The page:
Judy Chicago Onesie

Judy Chicago Onesie

Judy Chicago Onesie

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Based on the iconic New York Times cover, this statement tee says more than many would know. Purchase yours and you can tell all who ask. Story goes: the celebrated feminist artist Judy Chicago set herself free from male-dominated nomenclature when Judy Gerowitz officially transformed into Judy Chicago in 1970. Accompanied by Chicago-based gallery owner, Jack Glenn, Judy Chicago decided to use this image to announce her upcoming solo show at Cal State Fullerton. She posed in a boxing ring where Mohammad Ali once trained wearing silk shorts, boxing shoes and sweatshirt inscribed with her chosen name: Judy Chicago.

Judy Chicago

About Judy Chicago

The Trailblazer.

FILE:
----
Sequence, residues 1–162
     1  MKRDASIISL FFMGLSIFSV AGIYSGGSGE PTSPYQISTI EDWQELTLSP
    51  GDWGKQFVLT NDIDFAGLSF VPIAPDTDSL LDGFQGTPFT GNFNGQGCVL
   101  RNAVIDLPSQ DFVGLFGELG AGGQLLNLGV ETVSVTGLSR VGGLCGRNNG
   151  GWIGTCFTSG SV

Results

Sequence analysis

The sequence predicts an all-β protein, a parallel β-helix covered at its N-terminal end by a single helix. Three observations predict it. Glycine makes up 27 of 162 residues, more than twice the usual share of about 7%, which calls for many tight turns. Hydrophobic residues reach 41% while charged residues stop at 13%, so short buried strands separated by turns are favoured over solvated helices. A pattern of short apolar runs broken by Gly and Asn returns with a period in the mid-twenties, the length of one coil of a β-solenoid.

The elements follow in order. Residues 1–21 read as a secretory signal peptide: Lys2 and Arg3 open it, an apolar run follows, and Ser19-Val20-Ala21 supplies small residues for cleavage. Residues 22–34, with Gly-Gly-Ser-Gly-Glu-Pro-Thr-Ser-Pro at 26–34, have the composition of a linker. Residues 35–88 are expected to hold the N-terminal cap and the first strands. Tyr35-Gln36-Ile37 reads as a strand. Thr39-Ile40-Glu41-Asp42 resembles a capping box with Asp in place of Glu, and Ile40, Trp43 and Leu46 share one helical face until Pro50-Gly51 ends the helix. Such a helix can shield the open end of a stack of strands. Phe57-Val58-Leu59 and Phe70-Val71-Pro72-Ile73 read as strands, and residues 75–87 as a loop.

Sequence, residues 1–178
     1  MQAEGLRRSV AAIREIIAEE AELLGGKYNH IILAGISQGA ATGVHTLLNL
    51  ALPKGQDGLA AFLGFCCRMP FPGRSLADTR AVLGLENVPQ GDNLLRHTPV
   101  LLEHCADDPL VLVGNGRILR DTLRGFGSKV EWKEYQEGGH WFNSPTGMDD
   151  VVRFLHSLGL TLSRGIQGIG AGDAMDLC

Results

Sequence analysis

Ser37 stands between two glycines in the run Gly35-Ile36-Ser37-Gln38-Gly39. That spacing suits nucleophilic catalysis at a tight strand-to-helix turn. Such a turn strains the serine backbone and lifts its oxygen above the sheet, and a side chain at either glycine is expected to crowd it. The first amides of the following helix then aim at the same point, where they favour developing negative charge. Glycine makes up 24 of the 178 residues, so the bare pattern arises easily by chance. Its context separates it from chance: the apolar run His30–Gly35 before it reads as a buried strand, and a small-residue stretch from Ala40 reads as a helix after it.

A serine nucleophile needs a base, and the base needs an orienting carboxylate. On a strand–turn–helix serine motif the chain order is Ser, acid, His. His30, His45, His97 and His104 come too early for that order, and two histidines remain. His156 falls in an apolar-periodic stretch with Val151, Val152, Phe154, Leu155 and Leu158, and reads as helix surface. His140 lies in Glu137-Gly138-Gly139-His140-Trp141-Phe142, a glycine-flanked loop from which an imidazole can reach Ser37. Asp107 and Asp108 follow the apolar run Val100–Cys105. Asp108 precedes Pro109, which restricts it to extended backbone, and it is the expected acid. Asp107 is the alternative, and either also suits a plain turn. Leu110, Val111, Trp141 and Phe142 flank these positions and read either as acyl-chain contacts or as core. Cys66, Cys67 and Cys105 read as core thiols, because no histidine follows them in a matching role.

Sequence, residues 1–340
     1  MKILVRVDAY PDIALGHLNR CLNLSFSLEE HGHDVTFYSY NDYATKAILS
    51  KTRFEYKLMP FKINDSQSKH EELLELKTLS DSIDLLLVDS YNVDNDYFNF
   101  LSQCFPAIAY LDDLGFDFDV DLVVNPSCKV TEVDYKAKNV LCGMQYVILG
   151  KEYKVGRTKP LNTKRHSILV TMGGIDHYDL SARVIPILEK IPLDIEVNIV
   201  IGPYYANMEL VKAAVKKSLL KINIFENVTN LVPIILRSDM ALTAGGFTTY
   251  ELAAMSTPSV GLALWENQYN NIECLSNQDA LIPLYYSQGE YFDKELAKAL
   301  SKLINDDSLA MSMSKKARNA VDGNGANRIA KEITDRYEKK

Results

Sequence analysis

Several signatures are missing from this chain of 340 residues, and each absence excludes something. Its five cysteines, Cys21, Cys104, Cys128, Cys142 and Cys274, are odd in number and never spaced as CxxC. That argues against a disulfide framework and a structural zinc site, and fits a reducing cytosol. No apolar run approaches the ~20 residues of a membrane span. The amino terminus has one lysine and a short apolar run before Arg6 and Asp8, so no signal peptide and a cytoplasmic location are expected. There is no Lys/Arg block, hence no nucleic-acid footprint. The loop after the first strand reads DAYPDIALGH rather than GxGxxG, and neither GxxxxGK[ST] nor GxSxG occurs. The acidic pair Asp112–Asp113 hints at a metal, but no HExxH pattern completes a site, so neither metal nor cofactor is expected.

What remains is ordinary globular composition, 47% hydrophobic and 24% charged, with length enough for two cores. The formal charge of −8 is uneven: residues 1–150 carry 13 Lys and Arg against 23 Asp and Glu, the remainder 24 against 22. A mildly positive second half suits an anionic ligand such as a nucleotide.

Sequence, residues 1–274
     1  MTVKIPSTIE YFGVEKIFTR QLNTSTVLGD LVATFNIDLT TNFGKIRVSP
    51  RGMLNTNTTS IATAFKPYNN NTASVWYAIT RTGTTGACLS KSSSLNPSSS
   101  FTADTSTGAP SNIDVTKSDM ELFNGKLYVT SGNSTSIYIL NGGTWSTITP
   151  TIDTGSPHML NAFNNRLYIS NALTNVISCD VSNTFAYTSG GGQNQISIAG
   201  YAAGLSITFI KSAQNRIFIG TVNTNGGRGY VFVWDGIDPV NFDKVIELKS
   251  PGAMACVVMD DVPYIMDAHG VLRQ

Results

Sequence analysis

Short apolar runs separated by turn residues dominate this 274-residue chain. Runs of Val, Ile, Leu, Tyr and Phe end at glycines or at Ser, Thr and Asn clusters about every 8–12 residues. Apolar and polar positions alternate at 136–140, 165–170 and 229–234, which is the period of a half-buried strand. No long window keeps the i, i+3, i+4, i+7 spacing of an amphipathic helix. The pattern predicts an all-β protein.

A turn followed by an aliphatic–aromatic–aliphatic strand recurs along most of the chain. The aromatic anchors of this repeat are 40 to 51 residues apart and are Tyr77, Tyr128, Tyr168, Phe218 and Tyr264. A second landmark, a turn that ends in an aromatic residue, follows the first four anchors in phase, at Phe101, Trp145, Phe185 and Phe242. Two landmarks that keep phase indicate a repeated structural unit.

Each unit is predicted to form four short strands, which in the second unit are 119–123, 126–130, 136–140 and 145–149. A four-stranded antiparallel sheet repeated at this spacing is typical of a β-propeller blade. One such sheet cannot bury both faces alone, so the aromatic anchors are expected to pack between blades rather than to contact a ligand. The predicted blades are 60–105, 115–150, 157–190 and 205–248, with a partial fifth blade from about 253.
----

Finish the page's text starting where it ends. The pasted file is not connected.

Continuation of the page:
You may know her as a key player in the feminist movement, but Judy Chicago is much, much more. Think innovators and early adopters – then go one step earlier, and you’ll find Chicago. She is a pioneer who sees art as language. And like any language, she believes art can be learned, it must be used and maintained, and it must evolve. Chicago is an artist, author of 14 books, and educator whose work shouts out for women’s rights to freedom of expression. She founded a feminist art and art education program in California in the early 1970s, then created ‘The Dinner Party’: an epic installation now housed at the Elizabeth A. Sackler Center for Feminist Art at New York’s Brooklyn Museum. From 1974 to 1979, she painstakingly arranged the 39 place settings that make up the artwork – places for prehistoric goddesses, women in Christianity and the Reformation, and early revolutionaries such as Virginia Woolf and Georgia O’Keeffe. It’s the ultimate can’t-miss dinner party, and Judy Chicago is the ultimate powerhouse host.

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